- The Washington Times - Monday, April 6, 2009

MIAMI | If there was one point Manny Acta wanted to get across to his Washington Nationals during his annual pre-Opening Day meeting with players, it was this simple-yet-timeless sentiment often uttered in locker rooms and clubhouses throughout the sports world.

“You have to believe.”

Taking his cue from the late Tug McGraw, Acta made it known he believes the Nationals can win this year, and he wants every one of his players to feel the same way.

There are, of course, all sorts of reasons not to believe in the Nationals in 2009. They have an exceptionally inexperienced pitching staff. They play in one of the toughest divisions in baseball. And lest anyone forget, they did lose 102 games last year.

Acta, in his third season as manager, doesn’t want to hear any of those excuses. Long a believer in the power of positive thinking, he wants his players to do likewise.

“I think we do have the best team I’ve had here in three years,” he said. “You can’t worry about the other clubs. Baseball has shown in the last couple years that it’s not the one with the highest payroll or the one with superstars that win. You have to be yourself. Whether you think you can or whether you think you can’t, you’re probably right.”

The Nationals will begin to find out just how much progress they’ve made Monday afternoon when they open the 162-game marathon against a Florida Marlins club that drubbed them last year to the tune of a 14-3 head-to-head record.

One game, of course, does not make or break a season. But by the end of a grueling month where the Nationals will face nothing but NL East opponents until April 30, this team should have a better idea where it stands in relation to its primary competitors.

Beginning Monday, the Nationals play 21 straight games against the Marlins, Atlanta Braves, Philadelphia Phillies and New York Mets. And if the last four seasons are any indication, this stretch will go a long way toward determining Washington’s ultimate fate.

Each of the last three seasons, the Nationals have gotten off to woeful starts and never recovered. In 2006, they opened up 2-9 en route to a 71-91 record. In 2007, they started 1-8 on their way to 73-89. And last season, after winning their first three in impressive fashion, they lost nine in a row, the first step toward a woeful 59-win finish.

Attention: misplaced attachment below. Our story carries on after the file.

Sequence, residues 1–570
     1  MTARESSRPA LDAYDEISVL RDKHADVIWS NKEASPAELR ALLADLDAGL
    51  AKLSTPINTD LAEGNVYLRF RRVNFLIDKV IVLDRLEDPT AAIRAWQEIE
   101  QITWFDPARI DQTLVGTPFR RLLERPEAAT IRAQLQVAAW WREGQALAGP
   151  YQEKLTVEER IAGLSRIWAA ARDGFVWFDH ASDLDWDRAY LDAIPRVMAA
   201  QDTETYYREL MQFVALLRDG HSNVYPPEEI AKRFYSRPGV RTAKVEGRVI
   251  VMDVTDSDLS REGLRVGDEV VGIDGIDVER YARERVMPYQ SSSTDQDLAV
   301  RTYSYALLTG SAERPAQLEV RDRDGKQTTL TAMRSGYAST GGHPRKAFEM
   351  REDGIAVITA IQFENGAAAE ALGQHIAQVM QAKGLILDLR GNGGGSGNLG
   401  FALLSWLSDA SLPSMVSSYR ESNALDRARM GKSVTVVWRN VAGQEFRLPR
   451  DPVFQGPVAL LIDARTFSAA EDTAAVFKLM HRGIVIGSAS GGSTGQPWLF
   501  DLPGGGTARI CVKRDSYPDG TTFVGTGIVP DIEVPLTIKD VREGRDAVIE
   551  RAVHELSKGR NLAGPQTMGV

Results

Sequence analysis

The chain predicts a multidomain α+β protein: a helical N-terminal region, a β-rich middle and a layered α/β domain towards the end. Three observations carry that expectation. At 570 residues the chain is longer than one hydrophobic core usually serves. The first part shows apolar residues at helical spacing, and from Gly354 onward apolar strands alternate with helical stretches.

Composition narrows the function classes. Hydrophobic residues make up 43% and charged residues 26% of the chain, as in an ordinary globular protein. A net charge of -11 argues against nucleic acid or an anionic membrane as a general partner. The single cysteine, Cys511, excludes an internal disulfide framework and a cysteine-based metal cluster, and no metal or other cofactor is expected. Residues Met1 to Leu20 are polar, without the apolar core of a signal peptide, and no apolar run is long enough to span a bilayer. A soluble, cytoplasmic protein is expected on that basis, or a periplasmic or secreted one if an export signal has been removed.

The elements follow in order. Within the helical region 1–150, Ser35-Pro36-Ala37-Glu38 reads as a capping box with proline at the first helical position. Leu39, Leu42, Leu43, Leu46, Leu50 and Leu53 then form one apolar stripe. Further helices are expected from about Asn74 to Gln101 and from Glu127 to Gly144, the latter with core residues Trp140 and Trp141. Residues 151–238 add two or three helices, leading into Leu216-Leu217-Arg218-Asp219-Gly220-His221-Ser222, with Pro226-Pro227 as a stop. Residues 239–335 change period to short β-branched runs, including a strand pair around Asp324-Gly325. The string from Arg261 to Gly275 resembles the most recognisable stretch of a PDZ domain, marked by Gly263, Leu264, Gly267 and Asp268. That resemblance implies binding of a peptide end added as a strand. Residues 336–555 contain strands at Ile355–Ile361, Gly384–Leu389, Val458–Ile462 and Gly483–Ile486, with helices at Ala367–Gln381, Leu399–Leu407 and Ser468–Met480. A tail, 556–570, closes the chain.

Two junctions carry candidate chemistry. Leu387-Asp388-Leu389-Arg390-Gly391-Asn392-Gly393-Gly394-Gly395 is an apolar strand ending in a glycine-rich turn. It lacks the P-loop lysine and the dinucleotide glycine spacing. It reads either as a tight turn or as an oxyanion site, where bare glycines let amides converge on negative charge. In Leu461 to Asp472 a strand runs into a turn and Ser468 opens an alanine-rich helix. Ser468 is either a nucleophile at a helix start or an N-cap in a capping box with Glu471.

A fast start, then, is most definitely one of this team’s goals.

“Everybody’s going to go through those stretches where they don’t play well,” first baseman Nick Johnson said. “But it would be nice to come out of the gates hot.”

Acta is careful not to put too much pressure on his troops to start strong. He cites the long nature of a baseball season and the ups and downs every team experiences, and he says the key is not to let those downs last too long.

But the manager does admit this opening stretch against the NL East is important.

“It’s a good test,” he said. “It’s definitely a good test.”

Acta’s Opening Day lineup boasts only two changes from a year ago - Adam Dunn in left field instead of Elijah Dukes and Jesus Flores behind the plate instead of Paul Lo Duca - but there is a sense within the clubhouse that this team will be different.

For one thing, everyone is healthy. For another, the bench is loaded with talented players who could step into the lineup should someone struggle or get hurt.

And there is a core group of young players - led by Ryan Zimmerman, Lastings Milledge, Flores and Dukes - that many feel are primed to come into their own.

“You know what: There’s a few guys on this team who are going to have some breakout years,” Dunn said.

It was for that reason Dunn chose to sign a two-year, $20 million with the Nationals two days before the start of spring training. He saw a talented, young team from his perch outside the organization. And after seeing it in person this spring, Washington’s new cleanup hitter became even more convinced he made the right choice.

Like his new manager, Dunn is ready to believe.

“The goal is not to compete,” he said. “It’s to win. If I didn’t feel like we were going to win, I wouldn’t have signed here. I think this team has a really legit chance of winning. I know people probably laugh when I say that, but it’s true.”

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